Yeah, the birthdate thing is something you have to be aware of when you first sign up for a site. Most (all?) sites assign an immutable attribute to the birthdate.

If you've given up your actual birthdate, well, welcome to personal data collection on the Internet.

#13 | Posted by LampLighter at 2016-09-22 11:02 PM | Reply


This happened 2 years ago. Don't burn yourselves out trying to close the barn door now.

Yes, two years ago. Yahoo was, imo, irresponsibly slow in reporting this to the public.

Again, imo, if anyone still wants to be a Yahoo customer after this awful disregard for customer security, that person needs to take a step back and re-exam how he/she views web security.

500 million Yahoo accounts, private information exposed.

Wow.

#14 | Posted by LampLighter at 2016-09-22 11:08 PM | Reply

Yahoo is quick to block access from users who make even an accidental innocent password mistake. Realistically all of these no commercial web sites are so vulnerable they do not deserve to get any real information from users, even their IP.

#15 | Posted by Robson at 2016-09-22 11:37 PM | Reply

I wonder if Verizon is reconsidering their purchasing of Yahoo.

#16 | Posted by MSgt at 2016-09-22 11:38 PM | Reply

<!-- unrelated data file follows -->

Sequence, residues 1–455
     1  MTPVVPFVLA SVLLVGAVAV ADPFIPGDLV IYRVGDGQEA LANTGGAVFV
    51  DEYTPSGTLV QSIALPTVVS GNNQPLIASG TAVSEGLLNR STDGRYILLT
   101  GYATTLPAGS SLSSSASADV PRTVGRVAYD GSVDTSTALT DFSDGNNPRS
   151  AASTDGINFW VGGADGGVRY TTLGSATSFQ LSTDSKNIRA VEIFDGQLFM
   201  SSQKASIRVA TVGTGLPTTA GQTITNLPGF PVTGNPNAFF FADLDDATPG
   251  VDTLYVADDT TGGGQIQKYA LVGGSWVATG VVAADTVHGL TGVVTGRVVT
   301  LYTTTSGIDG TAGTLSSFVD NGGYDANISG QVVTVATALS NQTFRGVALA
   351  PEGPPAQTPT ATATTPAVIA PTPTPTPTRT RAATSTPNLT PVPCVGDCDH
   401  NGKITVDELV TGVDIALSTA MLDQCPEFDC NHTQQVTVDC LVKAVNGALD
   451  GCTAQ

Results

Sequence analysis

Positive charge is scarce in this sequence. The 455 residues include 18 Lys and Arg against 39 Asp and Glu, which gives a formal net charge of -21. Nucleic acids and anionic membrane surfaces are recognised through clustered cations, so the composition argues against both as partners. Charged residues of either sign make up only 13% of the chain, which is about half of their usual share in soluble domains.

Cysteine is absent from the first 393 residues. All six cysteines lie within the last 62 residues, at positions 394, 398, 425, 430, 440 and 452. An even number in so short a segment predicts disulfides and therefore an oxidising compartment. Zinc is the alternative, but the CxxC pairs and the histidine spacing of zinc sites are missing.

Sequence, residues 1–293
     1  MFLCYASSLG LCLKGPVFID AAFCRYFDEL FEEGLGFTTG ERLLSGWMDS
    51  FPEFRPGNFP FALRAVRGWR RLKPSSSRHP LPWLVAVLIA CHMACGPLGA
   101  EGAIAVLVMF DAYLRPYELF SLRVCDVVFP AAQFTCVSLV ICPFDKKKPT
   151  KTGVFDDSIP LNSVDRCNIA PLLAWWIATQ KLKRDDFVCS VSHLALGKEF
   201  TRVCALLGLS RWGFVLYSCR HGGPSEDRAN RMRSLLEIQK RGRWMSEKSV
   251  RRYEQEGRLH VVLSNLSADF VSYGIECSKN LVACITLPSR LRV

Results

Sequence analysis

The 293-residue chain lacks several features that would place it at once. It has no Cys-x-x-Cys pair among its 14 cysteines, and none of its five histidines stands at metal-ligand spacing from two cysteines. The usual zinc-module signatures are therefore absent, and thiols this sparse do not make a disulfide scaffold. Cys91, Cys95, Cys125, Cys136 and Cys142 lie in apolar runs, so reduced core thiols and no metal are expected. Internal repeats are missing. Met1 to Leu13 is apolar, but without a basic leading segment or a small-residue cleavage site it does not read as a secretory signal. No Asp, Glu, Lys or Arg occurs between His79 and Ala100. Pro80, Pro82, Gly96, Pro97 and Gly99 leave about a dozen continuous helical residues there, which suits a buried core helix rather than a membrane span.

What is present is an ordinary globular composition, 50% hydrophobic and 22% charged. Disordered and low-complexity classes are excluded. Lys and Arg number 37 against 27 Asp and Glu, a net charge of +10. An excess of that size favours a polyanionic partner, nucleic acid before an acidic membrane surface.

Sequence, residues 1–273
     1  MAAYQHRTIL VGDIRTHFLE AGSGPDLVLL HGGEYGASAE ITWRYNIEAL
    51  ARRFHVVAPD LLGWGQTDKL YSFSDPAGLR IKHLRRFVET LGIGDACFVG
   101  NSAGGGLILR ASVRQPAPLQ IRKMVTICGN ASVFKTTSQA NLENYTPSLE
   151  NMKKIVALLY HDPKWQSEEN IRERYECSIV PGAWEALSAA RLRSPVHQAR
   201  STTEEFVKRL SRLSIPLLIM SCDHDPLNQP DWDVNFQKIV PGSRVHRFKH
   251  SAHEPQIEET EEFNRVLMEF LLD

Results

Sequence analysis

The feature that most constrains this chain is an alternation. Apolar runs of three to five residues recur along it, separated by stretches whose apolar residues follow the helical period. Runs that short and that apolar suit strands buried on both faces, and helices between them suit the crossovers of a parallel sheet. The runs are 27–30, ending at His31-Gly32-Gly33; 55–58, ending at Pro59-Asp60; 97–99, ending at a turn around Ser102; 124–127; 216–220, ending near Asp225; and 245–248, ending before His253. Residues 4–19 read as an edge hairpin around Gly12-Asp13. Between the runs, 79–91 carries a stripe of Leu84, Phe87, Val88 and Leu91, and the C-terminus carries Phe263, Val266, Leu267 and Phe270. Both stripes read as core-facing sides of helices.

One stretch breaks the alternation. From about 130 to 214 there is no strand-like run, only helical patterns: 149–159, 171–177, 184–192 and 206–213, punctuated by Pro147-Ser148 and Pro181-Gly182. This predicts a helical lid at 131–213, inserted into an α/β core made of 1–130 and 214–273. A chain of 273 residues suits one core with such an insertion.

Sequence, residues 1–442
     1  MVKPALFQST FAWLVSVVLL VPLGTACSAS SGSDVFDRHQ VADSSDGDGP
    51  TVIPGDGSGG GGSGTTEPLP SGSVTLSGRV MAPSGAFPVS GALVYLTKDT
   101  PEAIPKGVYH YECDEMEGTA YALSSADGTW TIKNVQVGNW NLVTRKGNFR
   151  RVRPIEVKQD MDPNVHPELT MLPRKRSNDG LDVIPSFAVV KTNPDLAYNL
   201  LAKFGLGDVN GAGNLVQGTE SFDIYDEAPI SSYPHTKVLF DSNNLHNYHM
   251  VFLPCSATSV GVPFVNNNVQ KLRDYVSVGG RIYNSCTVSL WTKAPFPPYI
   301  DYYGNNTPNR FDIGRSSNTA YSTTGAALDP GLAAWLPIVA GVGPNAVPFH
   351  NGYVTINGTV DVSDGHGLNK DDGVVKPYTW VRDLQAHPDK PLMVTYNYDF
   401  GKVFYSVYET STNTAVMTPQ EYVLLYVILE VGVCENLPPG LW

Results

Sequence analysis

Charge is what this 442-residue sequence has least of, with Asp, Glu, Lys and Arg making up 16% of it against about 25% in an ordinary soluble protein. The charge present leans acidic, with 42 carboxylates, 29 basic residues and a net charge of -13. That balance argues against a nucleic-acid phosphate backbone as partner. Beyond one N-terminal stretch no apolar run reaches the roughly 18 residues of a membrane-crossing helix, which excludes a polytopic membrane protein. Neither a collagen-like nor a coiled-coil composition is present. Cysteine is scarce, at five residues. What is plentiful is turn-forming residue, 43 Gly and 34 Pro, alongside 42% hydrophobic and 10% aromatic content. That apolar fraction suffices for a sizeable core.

@#15 ... Yahoo is quick to block access from users who make even an accidental innocent password mistake. ...

What frightens me about this breach is the 500 million user aspect of it.

With a single person and a single password, the likelihood of cracking an encrypted password is low, due to the protections you mention.

But when you have 500 million encrypted passwords at your disposal, the likelihood of cracking those passwords is increased due to the sheer number of encrypted passwords involved.

At that point, once the encryption algorithm is discovered, the passwords become open text.

#17 | Posted by LampLighter at 2016-09-22 11:45 PM | Reply

That's what the salt tinyurl.com is for, but 500 million is a lot to salt.

#18 | Posted by snoofy at 2016-09-22 11:53 PM | Reply


I do not click on tinyurl.com links (or any of those redirection links, for that matter). I have no idea whether or not those links will be malicious. Please post the full link.

This isn't twitter, you have more than 140 characters to work with. :)

#19 | Posted by LampLighter at 2016-09-23 12:02 AM | Reply

I can't post the link because this website won't parse it.

But I'll try.

en.wikipedia.org(cryptography)

#20 | Posted by snoofy at 2016-09-23 12:06 AM | Reply

en.wikipedia.org(cryptography)
might work better ?

#21 | Posted by snoofy at 2016-09-23 12:07 AM | Reply

There is a class action lawsuit getting underway against Yahoo for the negligence of the BOD in spite of known security concerns.

#22 | Posted by GOnoles92 at 2016-09-24 11:07 AM | Reply

Yeah, the birthdate thing is something you have to be aware of when you first sign up for a site. Most (all?) sites assign an immutable attribute to the birthdate.
#13 | Posted by LampLighter

It's because of COPPA. They are required to censor parts of their service to users under 13. Plus are the parts they are required to censor if you are under 18.

#23 | Posted by snoofy at 2016-09-24 03:18 PM | Reply